Volkswagen Beetle – The Peoples Car

The Volkswagen Beetle is one of the most instantly recognisable cars in the history of automotive manufacturing, and just as interesting as the silhouette of the iconic bug is the story behind its concept. In this article we will take a quick look at the history of the Beetle and delve into its Australian connection throughout the 50’s, 60’s and 70’s. The origins of the Volkswagen Beetle date back to the early 1930’s when a Fuhrer by the name of Adolf Hitler proclaimed that the automobile, an at the time luxury afforded to only the very rich, should be available to the masses. Hitler specified that the ideal vehicle must be suitable for carrying 2 adults and 3 children at 100 km/h, while consuming no more than 7 litres of fuel every 100 km. Tasked with creating a vehicle to service the needs of the masses was tasked to Ferdinand Porsche. Porsche set about designing and building three prototypes, branded only ‘Volkswagen’ (“The Peoples Car”), the very round, bug-like appearance of the car ensured it was colloquially referred to as the Beetle. Throughout WW2, Porsche developed a number of military spec Beetles that served as the first to leave his Wolfburg factory. With it’s now distinctive rear-mounted air cooled engine, the military spec vehicles were near on indestructible and were even designed to float for a short period of time in case of emergency! By 1945 production was in full swing and the first customer vehicles were spreading throughout the streets of Europe. Armed with a 19kw flat four engine, the early Beetles proved a massive hit with the public and at a price of only 990 Reichsmark, which was similar to the price of a small motorcycle; the Bug was a genuine option for almost all families. Fast forward 8 years and importation of the Beetle commenced into Australia, with assembly of the Peoples Car commencing in Melbourne by 1954. Throughout the 60’s locally manufactured parts and panels were being utilised in Melbourne built Beetles, with work being undertaken at the now HSV owned Clayton manufacturing plant. As we’ve become all too familiar with in recent times, sales of the Beetle eventually began to decline and in 1976 all Australian Volkswagen manufacturing efforts were ceased and the workshop was sold to Nissan Australia. It wasn’t until 1998 that the first major re-design of the beetle took place and a look at the current Beetle finds a significantly different car to what was established way back in the 1930’s. The engine has been moved to the more traditional front mounted layout while power figures have increased with range topping models featuring in the area of 150kw. The unmistakable shape is still present and although not everybody’s cup of tea serves as one of very few modern cars that pay homage to their historical ancestors. Do you own an early model Volkswagen Beetle? Head over to the Rare Spares Facebook page and let us know about it in the comments section below.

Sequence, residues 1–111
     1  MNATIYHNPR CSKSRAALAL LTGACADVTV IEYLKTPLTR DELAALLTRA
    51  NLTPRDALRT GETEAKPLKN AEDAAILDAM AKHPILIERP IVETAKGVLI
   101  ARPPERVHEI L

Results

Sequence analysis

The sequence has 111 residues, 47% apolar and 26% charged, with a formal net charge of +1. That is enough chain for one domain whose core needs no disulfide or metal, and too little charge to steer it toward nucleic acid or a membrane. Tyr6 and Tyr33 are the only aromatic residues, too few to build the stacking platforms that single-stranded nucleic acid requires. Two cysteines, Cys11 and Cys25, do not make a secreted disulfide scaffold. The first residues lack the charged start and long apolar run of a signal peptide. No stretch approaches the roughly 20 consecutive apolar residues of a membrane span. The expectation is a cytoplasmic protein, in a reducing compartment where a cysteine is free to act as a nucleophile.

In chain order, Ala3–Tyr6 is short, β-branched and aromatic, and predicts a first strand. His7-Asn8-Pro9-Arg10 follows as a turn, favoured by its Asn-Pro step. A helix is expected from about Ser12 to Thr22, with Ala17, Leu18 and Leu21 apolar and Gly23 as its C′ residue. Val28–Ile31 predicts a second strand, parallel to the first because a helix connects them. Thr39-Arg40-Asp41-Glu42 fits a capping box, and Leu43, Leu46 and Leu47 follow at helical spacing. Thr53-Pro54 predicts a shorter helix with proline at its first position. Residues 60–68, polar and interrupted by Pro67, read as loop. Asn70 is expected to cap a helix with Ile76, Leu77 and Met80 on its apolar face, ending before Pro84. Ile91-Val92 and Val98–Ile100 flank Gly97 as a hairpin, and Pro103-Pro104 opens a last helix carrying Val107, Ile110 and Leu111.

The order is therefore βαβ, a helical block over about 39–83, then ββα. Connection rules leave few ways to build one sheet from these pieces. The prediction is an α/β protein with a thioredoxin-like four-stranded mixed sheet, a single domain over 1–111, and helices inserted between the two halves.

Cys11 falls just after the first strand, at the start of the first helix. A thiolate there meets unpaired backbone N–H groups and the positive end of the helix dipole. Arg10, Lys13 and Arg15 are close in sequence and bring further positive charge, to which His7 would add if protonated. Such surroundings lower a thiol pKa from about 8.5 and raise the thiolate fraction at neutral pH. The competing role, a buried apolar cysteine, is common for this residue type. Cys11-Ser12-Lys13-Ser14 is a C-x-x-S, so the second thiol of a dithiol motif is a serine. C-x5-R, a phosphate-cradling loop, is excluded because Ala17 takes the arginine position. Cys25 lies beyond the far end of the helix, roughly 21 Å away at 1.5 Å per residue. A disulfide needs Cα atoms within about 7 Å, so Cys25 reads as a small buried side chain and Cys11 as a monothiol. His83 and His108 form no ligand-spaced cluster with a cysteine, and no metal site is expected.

The Introduction of the V6 Twin Turbo to Supercars

Way back in 2014, it was announced that Supercars (formally V8 Supercars) were going to open up their rules starting in 2017 to allow cars other than 4 door sedans and engines other than 5 litre V8’s into the category. Dreams of Camaro’s, Mustang’s and GTR’s instantly overcame the Supercars fan base. Fast forward to the 2017 season and no teams or manufacturers had taken up the offer to run a new car in the category. We have however, received an insight in to the future of the category via the Red Bull Triple Eight Racing Team, who have been developing both their ZB Commodore body and more importantly the 3.6 litre Twin Turbo V6 engine. With a reported 475kw, the new powerplant was manufactured in Pontiac, Michigan before being shipped to Triple Eight Racing for testing in their Sandman ride day car. And while we will only see the engine on track in select events in 2018, preparations are well underway with all three of Craig Lowndes, Jamie Whincup and Shane Van Gisbergen spinning laps in the Sandman. So it’s all systems go from a development side of things, but how do the general punters feel about the move? Well, it’s fair to say the public’s opinion on the issue is all over the place. Triple Eight Racing recently released footage of the Sandman cutting laps around the Norwell Motorplex in Queensland and opened the floor for feedback from Supercars fans. Some think it’s absolute sacrilege that anything other than a big V8 will grace the starter at Bathurst, Sandown or Surfers Paradise. Others were pleasantly surprised by the unique sound provided by the boosted small capacity V6. I’m sure that the very Facebook comments section below this blog will provide a wide array of opinions and beliefs on the topic! Alas, the V6 is on its way and you can’t help but wonder how it will stack up. Will it be a case of miscalculation, where the new option comes in and lays waste to the competition? Or will the engineers strike the perfect balance of power and controllability that ensures that the Supercars of the future are not all that different to years past? Time will tell. Detractors will point to the Nissan Skyline’s of the early 90’s that were just about unstoppable at the hands of Mark Skaife and Jim Richards as to why mixing naturally aspirated engines and their force fed cousins is a recipe for disaster. They’ll also point to the fact that there won’t be a twin turbo production Commodore available to the general public as a reason for their lack of enthusiasm. But technology has come a long way in the last decade and it’s been quite some time since Supercars closely resembled any sort of production car. So in this writer’s humble opinion, providing the racing is still interesting, the crowds will flock and the modern day ‘Australian Touring Car Championship’ will live on. What are your thoughts on the introduction of the twin turbocharged V6 to the Supercars championship? Head over to the Rare Spares Facebook Page and let us know in the comments section below.